29. 29. Filtering • No filtering is used in the Basic program. • Three filtering levels are used in the remaining programs: • Filtering at 500 Hz with a 24dB/octave slope; • Filtering at 1000 Hz with a 12 dB/ octave slope; • Filtering at 2500 Hz with a 6 dB/ octave slope. • Solisten uses “soft slopes” to makes the changes brought about by gating and filters, easier on the ear.
  30. 30. The Filters • 500 Hz filtering is used in the programs  Emotional  Language  Memory & Attention. • 1000 Hz is used particularly in the Language program to work on the 2nd formant zone – the vowels area (750 Hz to 3000 Hz) and in the Memory & Attention program to stimulate verbal memory and attention. • 2500 Hz is used particularly in the Language program to work on the 3rd and 4th formants – the fricatives area (s, j, ch, z, f). The fricatives area spreads widely in treble frequencies.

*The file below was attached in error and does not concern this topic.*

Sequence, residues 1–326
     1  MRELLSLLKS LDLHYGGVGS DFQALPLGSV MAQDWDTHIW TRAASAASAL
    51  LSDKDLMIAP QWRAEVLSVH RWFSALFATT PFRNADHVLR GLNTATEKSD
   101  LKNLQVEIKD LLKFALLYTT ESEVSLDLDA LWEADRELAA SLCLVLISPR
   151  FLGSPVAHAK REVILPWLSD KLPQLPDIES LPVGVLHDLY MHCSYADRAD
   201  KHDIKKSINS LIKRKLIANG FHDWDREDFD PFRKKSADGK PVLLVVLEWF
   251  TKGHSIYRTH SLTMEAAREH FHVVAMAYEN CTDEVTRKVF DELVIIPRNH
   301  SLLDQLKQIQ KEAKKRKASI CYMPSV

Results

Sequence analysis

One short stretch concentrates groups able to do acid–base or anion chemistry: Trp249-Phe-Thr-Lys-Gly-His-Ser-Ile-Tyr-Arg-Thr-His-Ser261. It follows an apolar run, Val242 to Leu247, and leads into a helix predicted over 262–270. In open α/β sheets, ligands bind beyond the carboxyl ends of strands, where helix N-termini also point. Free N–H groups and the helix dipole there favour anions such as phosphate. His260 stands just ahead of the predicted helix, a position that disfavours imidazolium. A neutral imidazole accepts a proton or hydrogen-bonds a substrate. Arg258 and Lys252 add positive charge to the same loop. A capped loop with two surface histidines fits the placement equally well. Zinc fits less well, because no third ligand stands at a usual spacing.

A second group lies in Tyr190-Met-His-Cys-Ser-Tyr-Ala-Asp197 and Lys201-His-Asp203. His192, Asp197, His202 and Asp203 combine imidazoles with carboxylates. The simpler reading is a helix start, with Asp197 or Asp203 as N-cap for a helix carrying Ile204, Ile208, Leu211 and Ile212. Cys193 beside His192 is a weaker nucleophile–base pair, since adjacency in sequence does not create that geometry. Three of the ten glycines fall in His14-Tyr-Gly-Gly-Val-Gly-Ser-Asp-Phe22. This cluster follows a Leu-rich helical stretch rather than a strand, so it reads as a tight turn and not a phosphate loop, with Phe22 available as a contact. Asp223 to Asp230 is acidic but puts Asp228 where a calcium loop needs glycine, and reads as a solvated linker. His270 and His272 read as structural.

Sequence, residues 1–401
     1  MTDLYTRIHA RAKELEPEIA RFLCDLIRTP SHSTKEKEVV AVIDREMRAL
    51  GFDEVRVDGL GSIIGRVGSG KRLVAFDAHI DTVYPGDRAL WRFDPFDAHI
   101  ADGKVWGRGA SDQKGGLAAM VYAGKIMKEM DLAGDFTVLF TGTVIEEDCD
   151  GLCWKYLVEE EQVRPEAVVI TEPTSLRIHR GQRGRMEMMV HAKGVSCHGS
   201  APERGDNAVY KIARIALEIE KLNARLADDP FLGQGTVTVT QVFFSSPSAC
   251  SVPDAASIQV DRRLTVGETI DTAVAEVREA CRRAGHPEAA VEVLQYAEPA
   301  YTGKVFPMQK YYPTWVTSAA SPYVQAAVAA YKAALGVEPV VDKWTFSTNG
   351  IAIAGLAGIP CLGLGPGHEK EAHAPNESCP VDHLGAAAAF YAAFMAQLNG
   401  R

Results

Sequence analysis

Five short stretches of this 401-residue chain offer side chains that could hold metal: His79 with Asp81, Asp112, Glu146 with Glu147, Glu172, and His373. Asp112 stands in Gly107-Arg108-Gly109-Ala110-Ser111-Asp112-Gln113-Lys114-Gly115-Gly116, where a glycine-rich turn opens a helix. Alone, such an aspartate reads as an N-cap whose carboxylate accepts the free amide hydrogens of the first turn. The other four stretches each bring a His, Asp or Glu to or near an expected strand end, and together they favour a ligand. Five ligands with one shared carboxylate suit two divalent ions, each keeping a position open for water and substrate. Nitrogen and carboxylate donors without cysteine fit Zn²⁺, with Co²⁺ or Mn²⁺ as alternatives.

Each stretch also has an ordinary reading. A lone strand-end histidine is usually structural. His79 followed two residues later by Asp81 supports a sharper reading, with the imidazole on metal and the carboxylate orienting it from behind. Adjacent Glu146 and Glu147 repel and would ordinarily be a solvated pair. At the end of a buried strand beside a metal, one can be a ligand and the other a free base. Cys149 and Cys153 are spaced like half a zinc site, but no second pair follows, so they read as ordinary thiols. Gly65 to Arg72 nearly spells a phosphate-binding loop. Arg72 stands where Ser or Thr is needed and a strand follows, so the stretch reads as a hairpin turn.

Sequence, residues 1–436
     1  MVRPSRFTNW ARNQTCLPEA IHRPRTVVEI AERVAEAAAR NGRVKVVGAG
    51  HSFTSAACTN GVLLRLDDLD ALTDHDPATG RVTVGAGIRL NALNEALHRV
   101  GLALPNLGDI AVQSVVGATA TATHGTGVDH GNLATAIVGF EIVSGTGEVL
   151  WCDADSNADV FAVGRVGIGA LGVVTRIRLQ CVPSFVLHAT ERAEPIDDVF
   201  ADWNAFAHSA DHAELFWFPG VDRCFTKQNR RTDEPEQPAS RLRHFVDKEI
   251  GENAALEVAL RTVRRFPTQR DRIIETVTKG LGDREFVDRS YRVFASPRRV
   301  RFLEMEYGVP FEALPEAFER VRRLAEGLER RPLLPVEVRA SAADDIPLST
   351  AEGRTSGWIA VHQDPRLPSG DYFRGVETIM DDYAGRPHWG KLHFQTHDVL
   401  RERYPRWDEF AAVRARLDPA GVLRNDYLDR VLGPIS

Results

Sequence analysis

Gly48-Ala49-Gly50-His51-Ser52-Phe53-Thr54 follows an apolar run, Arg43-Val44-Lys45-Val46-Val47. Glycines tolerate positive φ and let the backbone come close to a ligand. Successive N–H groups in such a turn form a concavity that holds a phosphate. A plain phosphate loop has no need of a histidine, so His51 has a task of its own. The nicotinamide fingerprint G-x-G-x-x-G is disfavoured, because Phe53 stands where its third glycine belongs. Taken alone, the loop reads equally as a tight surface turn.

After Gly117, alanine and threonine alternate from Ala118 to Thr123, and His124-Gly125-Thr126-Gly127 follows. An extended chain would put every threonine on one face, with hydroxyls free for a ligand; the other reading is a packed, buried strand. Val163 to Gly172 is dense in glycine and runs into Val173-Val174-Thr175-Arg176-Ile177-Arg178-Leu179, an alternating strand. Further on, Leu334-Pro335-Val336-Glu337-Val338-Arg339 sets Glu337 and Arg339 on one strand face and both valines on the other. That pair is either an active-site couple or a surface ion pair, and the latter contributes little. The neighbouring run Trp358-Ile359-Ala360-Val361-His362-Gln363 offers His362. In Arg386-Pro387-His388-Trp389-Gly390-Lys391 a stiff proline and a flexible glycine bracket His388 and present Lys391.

31. 31. Programmes • Basic • Emotional E1A E1B E2 • Memory & Attention MA1 MA2 • Language L1 L2
  32. 32. Sessions • First intensive – 30 hours 2 hours a day over 15 days 4 week integration period • Second intensive – 30 hours 2 hours a day over 15 days 4 - 8 week integration period • ASD usually need more sessions 33
  33. 33. The Process Clients with Autism Spectrum Disorder usually need more sessions Repeat as needed Intensive: 30 hours, 2 hours a day over 15 days Intensive: 30 hours 2 hours a day over 15 days 4 week integration period Initial Consultation Pre-testing Post-testing Parent feedback 4 week integration period Exit
  34. 34. Cost • R130 per hour • Includes consultation, Solisten pre- and post testing, and feedback • Excludes any tests and evaluations by therapist from other fields, e.g. OTs, psychologists or speech therapists • Total, including 60 hours of listening plus testing, R8000
  35. 35. Thank You for Listening!!